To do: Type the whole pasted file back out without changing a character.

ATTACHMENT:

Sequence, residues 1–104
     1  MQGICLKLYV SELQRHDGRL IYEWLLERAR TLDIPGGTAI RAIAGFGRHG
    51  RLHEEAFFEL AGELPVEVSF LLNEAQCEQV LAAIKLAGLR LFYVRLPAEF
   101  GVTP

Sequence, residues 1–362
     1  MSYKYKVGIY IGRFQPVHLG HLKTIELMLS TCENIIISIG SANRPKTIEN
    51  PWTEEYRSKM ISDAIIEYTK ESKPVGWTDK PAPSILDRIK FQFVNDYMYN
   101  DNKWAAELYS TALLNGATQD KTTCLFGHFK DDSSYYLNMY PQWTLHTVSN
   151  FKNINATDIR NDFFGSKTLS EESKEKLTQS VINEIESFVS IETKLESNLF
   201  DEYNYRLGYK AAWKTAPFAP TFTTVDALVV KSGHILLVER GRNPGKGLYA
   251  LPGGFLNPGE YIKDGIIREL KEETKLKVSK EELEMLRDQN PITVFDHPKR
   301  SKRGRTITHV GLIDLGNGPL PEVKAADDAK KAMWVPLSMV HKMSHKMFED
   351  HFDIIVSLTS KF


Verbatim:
Sequence, residues 1–104
     1  MQGICLKLYV SELQRHDGRL IYEWLLERAR TLDIPGGTAI RAIAGFGRHG
    51  RLHEEAFFEL AGELPVEVSF LLNEAQCEQV LAAIKLAGLR LFYVRLPAEF
   101  GVTP

Sequence, residues 1–362
     1  MSYKYKVGIY IGRFQPVHLG HLKTIELMLS TCENIIISIG SANRPKTIEN
    51  PWTEEYRSKM ISDAIIEYTK ESKPVGWTDK PAPSILDRIK FQFVNDYMYN
   101  DNKWAAELYS TALLNGATQD KTTCLFGHFK DDSSYYLNMY PQWTLHTVSN
   151  FKNINATDIR NDFFGSKTLS EESKEKLTQS VINEIESFVS IETKLESNLF
   201  DEYNYRLGYK AAWKTAPFAP TFTTVDALVV KSGHILLVER GRNPGKGLYA
   251  LPGGFLNPGE YIKDGIIREL KEETKLKVSK EELEMLRDQN PITVFDHPKR
   301  SKRGRTITHV GLIDLGNGPL PEVKAADDAK KAMWVPLSMV HKMSHKMFED
   351  HFDIIVSLTS KF